CHAPTER 9: Advances in the Targeted Delivery of Biochemical Agents1
Published:20 Aug 2018
K. Nixdorff, in Preventing Chemical Weapons: Arms Control and Disarmament as the Sciences Converge, ed. M. Crowley, M. Dando, and L. Shang, The Royal Society of Chemistry, 2018, pp. 259-292.
Download citation file:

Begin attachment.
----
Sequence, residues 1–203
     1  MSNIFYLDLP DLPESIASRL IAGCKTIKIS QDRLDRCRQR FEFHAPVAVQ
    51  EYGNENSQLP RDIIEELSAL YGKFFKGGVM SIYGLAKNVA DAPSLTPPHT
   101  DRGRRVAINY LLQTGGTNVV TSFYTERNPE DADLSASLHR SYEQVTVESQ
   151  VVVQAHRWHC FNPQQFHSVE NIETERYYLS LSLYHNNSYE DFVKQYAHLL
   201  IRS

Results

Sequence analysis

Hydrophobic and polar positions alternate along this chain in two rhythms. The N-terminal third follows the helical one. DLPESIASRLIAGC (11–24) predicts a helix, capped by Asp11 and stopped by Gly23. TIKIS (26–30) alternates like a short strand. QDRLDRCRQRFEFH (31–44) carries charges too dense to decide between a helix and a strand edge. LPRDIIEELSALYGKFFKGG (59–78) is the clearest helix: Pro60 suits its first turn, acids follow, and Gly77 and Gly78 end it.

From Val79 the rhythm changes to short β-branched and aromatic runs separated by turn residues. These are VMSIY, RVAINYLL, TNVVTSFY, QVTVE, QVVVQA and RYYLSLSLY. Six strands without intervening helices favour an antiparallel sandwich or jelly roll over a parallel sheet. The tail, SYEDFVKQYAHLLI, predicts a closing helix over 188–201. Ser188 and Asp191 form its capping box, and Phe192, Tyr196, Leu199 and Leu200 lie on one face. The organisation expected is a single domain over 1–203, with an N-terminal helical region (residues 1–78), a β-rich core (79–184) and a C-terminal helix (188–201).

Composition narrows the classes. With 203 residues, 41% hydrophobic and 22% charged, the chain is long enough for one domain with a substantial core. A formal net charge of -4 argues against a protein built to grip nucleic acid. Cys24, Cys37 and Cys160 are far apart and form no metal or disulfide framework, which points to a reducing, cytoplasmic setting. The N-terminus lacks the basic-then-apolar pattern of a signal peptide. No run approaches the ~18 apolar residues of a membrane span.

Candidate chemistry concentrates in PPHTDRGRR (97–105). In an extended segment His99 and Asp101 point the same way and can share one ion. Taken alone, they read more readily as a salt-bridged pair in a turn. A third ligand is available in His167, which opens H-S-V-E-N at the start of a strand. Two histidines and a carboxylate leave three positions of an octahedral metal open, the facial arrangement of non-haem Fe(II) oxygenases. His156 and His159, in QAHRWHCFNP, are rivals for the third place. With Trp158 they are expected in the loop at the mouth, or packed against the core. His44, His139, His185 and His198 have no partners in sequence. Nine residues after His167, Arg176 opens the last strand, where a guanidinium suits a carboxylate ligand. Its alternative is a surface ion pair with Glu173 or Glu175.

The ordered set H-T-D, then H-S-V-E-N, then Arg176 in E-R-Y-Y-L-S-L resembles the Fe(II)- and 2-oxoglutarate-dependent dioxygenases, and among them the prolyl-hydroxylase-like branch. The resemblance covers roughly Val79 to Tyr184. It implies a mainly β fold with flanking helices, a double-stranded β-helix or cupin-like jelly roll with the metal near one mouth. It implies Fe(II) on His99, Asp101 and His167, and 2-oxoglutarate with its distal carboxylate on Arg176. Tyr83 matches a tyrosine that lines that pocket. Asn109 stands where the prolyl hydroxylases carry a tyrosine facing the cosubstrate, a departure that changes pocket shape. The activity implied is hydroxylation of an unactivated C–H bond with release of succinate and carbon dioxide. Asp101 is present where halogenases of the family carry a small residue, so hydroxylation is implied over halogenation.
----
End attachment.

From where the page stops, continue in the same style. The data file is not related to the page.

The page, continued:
Toxins and biochemical bioregulators are agent categories that are most relevant to convergence in the context of the Biological and Toxin Weapons Convention and the Chemical Weapons Convention. Improved ways of delivering such agents are at hand and are being developed further at a rapid pace. An indication of this development can be found in advances in the delivery of therapeutics in experimental and clinical applications described in the open scientific literature. The methods of targeted delivery of therapeutics to treat disease do not exactly mimic those that would be used for the delivery of biochemical agents as weapons. However, by examining these developments it is possible to come to some basic conclusions about the feasibility of using advances in these areas for terrorism or biochemical warfare. The two fields that appear to be most relevant for both therapeutic drug application and biochemical warfare are aerosol and vector-directed targeted delivery technologies. Improvements in therapeutic targeted delivery are being made as a result of advanced work in cancer treatment, as well as gene and immuno-therapy. Nanotechnology has played a fundamental role in improving targeted delivery by packaging DNA, proteins and drugs into defined nanoparticles that are absorbable over nasal and respiratory routes as well the blood–brain barrier. Improvements in gene transfer and expression efficacy of viral and non-viral vectors as well as progress in the protective packaging of these agents against environmental stress and other detrimental factors continue to make them ever more feasible targeted delivery systems for toxins and biochemical bioregulators.